Jack Rakove is a professor of history at Stanford University and Pulitzer Prize-winning author of "Original Meanings: Politics and Ideas in the Making of the Constitution."
It seemed yesterday that everybody was so confident that they knew what the results were going to be, it was just like waiting for the U.S. Supreme Court case, which turned out differently from what most people had expected as well. So I guess "expect the unexpected" has become the watchword for this election.
I'm no expert on Florida law, and to be honest I'm a Democrat. I felt that trying to count as many votes as could be counted, once it was realized that there were a significant number of votes that had not been counted at all because of the defects, was a legitimate rationale. That doesn't quite get us over the problem of establishing with an adequate degree of confidence the standard necessary to judge when a vote has been cast and when it hasn't. But I always thought it was legitimate to go the extra mile to count every vote that could be counted.
Not wanting to bet on anything, the first thing that has to happen is you have to see whether or not with the recount Gore comes out with a plurality. Given that the [Florida] Supreme Court has taken in the other votes, reducing Bush's margin to 154, the prospect of that given the number of votes to be counted is probably pretty good.
At that point, the situation gets quite interesting. The Florida Legislature, clearly acting on partisan calculations, is going to go ahead, I assume, next week and endorse its own slate of electors. That's a terrible idea constitutionally. I think there are a lot of problems with the theory under which the Legislature thinks it can act. But in any case, its actions might well be redundant because one slate of electors certified for Bush has already gone up to the archivist and would presumably be available to Congress in January.
We could get a different result, which the Florida Supreme Court might be able to order the secretary of state to certify, and that could go up to Congress, and we could have a situation where Congress itself will have some opportunity to determine which of these two slates in theory is the more valid. That gets us another month ahead of where we are now.
So based on recent experience, it's probably crazy to speculate, but all the contingencies you think might not be reached have been reached so far, so there's no reason to think we won't exhaust the whole slew of possibilities before this is over.
My understanding of the statute is, when challenges arise to slates of electors, they have to be raised by a member of the House and a member of the Senate. That won't be hard; all it takes is one member. At that point the two houses divide and the Democrats, until Jan. 20 or arguably beyond, will have a majority in the Senate, assuming Gore casts the tiebreaking vote for himself and Strom Thurmond is still alive. The Democrats could in theory prevail in the Senate and the Republicans could prevail in the House. At that point, if there's a persisting disagreement, it's supposedly resolved by the slate that's been certified by the governor -- and of course we all know who that is. But that's a suboptimal scenario.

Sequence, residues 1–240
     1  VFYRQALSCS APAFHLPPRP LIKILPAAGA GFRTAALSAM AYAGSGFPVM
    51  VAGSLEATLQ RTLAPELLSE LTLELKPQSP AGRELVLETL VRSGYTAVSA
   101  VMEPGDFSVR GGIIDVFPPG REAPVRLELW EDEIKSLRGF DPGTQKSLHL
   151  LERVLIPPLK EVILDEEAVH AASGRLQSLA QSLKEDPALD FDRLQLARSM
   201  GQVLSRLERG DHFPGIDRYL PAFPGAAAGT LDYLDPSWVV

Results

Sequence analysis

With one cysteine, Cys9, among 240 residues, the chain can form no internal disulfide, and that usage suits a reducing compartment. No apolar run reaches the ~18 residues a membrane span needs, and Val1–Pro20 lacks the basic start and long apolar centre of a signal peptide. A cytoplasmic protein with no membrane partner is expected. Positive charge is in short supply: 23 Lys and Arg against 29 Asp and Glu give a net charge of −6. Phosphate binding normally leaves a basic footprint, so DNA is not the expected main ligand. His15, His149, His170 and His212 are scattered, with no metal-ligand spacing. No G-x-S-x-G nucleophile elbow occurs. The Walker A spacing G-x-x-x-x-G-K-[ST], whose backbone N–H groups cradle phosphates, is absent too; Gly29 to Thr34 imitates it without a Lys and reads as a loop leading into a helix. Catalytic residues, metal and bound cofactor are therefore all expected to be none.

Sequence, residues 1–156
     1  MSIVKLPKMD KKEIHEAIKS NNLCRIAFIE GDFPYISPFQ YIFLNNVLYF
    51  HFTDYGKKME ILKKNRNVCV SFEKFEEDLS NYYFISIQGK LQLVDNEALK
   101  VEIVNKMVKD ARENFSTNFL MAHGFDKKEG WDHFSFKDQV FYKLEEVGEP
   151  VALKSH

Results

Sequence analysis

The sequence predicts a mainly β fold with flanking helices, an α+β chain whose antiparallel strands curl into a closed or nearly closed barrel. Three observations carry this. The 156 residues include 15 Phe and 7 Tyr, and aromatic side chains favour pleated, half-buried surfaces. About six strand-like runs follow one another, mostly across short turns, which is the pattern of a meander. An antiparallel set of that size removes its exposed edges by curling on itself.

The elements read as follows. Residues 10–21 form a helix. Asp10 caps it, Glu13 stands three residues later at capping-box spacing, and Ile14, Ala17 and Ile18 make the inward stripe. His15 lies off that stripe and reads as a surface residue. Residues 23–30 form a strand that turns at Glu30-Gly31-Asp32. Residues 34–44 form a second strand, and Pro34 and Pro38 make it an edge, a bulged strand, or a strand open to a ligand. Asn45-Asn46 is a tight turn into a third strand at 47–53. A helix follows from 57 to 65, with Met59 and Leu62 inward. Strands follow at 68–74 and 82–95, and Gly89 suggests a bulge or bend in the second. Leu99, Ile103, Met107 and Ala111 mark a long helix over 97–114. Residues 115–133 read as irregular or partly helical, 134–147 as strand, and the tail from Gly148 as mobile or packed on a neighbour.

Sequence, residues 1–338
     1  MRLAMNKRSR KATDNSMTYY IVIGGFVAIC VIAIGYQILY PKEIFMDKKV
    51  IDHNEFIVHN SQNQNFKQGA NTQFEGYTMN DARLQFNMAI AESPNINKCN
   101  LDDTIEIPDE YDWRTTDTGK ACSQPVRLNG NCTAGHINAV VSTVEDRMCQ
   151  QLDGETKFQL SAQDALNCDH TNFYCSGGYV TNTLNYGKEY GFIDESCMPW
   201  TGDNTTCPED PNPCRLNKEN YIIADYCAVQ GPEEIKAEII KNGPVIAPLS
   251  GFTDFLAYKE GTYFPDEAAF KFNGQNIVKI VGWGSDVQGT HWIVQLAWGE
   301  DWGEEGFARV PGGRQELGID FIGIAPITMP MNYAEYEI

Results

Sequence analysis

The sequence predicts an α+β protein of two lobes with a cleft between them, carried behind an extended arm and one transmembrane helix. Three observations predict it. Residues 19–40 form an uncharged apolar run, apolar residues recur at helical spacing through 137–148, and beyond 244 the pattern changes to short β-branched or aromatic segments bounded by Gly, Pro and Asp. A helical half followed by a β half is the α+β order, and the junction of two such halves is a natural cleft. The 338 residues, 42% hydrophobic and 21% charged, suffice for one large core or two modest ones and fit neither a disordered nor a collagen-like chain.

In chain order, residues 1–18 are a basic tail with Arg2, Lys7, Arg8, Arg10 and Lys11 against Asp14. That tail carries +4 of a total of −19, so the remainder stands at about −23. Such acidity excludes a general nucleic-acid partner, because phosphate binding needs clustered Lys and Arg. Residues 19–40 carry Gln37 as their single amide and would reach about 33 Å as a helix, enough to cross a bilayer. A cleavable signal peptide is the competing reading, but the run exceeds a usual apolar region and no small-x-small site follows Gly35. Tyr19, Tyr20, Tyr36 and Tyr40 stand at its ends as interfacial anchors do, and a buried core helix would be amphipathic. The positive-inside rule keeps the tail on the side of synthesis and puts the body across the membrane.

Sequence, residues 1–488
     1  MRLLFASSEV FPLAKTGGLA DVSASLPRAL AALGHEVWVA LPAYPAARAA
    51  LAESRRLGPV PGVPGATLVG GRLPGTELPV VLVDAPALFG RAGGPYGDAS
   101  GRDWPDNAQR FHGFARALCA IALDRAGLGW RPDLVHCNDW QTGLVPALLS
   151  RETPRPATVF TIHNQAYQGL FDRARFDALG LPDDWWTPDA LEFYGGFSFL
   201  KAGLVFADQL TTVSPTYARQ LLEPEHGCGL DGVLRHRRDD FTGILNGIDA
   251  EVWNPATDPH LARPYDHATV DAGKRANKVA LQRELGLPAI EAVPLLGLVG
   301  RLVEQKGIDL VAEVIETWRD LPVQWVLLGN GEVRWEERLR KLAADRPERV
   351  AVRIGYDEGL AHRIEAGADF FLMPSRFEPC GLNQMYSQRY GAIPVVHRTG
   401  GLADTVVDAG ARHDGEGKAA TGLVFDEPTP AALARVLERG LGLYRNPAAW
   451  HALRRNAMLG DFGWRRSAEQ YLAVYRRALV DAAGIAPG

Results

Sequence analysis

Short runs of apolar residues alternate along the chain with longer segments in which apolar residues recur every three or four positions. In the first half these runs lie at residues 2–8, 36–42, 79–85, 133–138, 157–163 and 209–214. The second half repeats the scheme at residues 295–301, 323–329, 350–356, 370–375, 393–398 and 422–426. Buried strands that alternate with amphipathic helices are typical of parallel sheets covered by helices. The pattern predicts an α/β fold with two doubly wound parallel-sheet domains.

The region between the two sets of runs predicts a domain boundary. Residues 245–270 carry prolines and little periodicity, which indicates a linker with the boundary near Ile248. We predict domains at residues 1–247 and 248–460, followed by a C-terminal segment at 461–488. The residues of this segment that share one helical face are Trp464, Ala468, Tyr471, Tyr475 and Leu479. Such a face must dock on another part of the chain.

It's more of a political crisis than a constitutional one. What makes it hard is the intense partisanship of both sides. Each party has legitimate reasons to think that it won the election and neither candidate has been very successful in appealing to the other one to make common cause.
But it certainly demonstrates, in a worst-case scenario, what an absurd set of rules the Electoral College operates under to begin with. This would not be happening if we simply had a popular, at-large election. We could still have a very close election, and recounts might even be necessary, but you wouldn't get tied up with this crazy institution of an Electoral College. People think it's obsolete because it's two centuries old, but they don't realize it was obsolete as soon as it was invented. The idea that it ever really functioned in any coherent way, I think, is a myth.
The fiction is that Florida is a unit, and all of its 25 electoral votes ought to go one way or another. The reality is, Floridians are equally divided into two equal halves over where they want to see their electoral votes go. So what's the constitutional logic of the winner-take-all rule, of saying that when a state is equally divided a statistically insignificant swing, which you have to measure to four decimal places, should decide the outcome of the election -- not only within the state but in this case within the nation?
Michael McConnell is presidential professor of law at the University of Utah. He served as assistant to the solicitor general in the Reagan administration and clerked for Supreme Court Justice William Brennan.
My overwhelming reaction -- even on a quick first read -- is that the Florida Supreme Court is asking the circuit court to do the impossible. How can the circuit court possibly conduct a manual recount of 170,000 ballots statewide, with all the appeals and attendant challenges, by the deadline of Dec. 12 (or even Dec. 18, when the electors actually vote)?
To make matters worse, the court failed to answer the all-important question: What is the standard for counting unperforated ballots? The court quoted a standard -- the intent of the voter -- but that is essentially meaningless. In fact, under the court's ruling it is literally impossible to have a statewide count under a single standard, because the court effectively certified the results from Palm Beach and Broward counties, which applied different standards.